US 4010443 A
The invention relates to an electromagnetic velocity pickup of the horizol seismometer type, wherein an oscillating mass is elastically suspended as an inverted pendulum with the aid of a deformable system of the articulated parallelogram type. The pickup is characterized in that the suspension comprises rigid beams and at least one elastic pivot.
1. A seismic pickup comprising:
a. a base,
b. two rigid beams pivotally mounted on said base, the pivot axes of said beams being parallel and said beams being spaced apart in a direction perpendicular to the pivot axes,
c. a mass spaced above said base and mounted between said beams, said mass being connected to each beam by a pivot,
d. said base, beams, and mass defining a parallelogram articulated at all four of its corners,
e. each beam being articulated to said base on two spaced apart pivots located on a single pivot axis, and
f. at least one of said pivots being an elastic pivot which constantly urges said beams and mass to a particular position with respect to said base,
g. said mass having a resonant frequency below one cycle per second.
2. A seismic pickup as defined in claim 1 wherein all of said pivots are elastic pivots.
3. A seismic pickup as defined in claim 1 wherein each of said rigid beams has the shape of an inverted Y.
The present invention relates to velocity pickups used for detecting the velocity of a piece of ground and more particularly the horizontal component of this velocity. Such instruments are conventionally used in seismic prospecting for detecting the shocks originating from a seismic source (e.g. an explosion) and sent back (reflected or refracted) by the deep layers of the ground. They can also be used for analysing the modalities of an underground explosion, in particular an underground nuclear explosion. Throughout the following, in order to simplify explanation, only seismometers will be discussed, without this choice being restrictive.
Conventional horizontal electromagnetic seismometers essentially comprise at least one coil and at least one magnet capable of co-operating with the coil, one of these elements being fast with a rigid frame and the other being mounted on this frame through the medium of an elastically deformable suspension, the deformation of the suspension corresponding to a relative movement of the magnet and the coil. When a seismic disturbance or the like causes the ground to move, all the elements of the seismometer have a tendency to be carried along with its frame, but the suspended element, by reason of its inertia, has a tendency to acquire some delay, which causes a relative shifting, and then an oscillation, of the suspended element with respect to the unsuspended element. This relative movement thereby induces an electric voltage in the coil which constitutes the output signal of the seismometer.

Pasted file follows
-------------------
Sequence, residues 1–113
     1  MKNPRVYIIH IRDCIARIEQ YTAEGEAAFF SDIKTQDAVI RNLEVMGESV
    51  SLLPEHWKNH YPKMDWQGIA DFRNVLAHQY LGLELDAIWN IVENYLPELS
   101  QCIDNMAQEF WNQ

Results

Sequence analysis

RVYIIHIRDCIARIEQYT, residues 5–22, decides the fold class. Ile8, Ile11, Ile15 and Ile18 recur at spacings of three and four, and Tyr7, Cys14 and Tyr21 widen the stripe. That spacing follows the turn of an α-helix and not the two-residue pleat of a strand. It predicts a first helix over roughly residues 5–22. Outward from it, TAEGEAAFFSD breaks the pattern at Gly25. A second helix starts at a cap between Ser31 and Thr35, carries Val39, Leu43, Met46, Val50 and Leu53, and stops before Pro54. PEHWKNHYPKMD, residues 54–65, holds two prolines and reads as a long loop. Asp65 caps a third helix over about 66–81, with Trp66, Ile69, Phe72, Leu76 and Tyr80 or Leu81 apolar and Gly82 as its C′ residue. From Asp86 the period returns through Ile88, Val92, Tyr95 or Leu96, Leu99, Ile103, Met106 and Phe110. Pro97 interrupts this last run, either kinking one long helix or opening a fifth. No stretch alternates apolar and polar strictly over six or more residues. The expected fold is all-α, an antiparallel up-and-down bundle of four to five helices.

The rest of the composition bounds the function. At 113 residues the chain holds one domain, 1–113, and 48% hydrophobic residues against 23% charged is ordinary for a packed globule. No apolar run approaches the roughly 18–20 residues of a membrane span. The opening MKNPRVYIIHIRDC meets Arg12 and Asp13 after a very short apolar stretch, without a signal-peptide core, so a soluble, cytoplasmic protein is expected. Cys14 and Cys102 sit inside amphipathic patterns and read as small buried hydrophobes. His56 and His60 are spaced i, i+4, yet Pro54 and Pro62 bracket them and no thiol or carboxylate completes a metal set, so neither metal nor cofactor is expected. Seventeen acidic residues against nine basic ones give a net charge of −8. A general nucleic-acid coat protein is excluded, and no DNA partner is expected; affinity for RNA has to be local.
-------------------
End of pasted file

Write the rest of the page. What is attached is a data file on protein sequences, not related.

FIG. 1 illustrates diagrammatically in vertical section the make-up of a conventional horizontal electromagnetic seismometer. This system comprises a frame B on which is mounted a magnet A having a horizontal axis H--H. A heavy assembly E having a mass M is mounted on such a frame through the medium of two elastically deformable suspension elements S1 and S2 so that it is able to oscillate along the horizontal axis H--H. The assembly E comprises two coils B1 and B2 with which the two ends of opposite poles of the magnet A co-operate in the manner of plunger cores in order to induce a voltage in the coils B1 and B2 which are electrically associated in an electric circuit at the output of which the electric signal of the seismometer appears. It can be seen that the mass M, the inertia of which constitutes a fundamental parameter of the instrument, is mounted as an inverted pendulum, forming the top side of an elastically deformable parallelogram.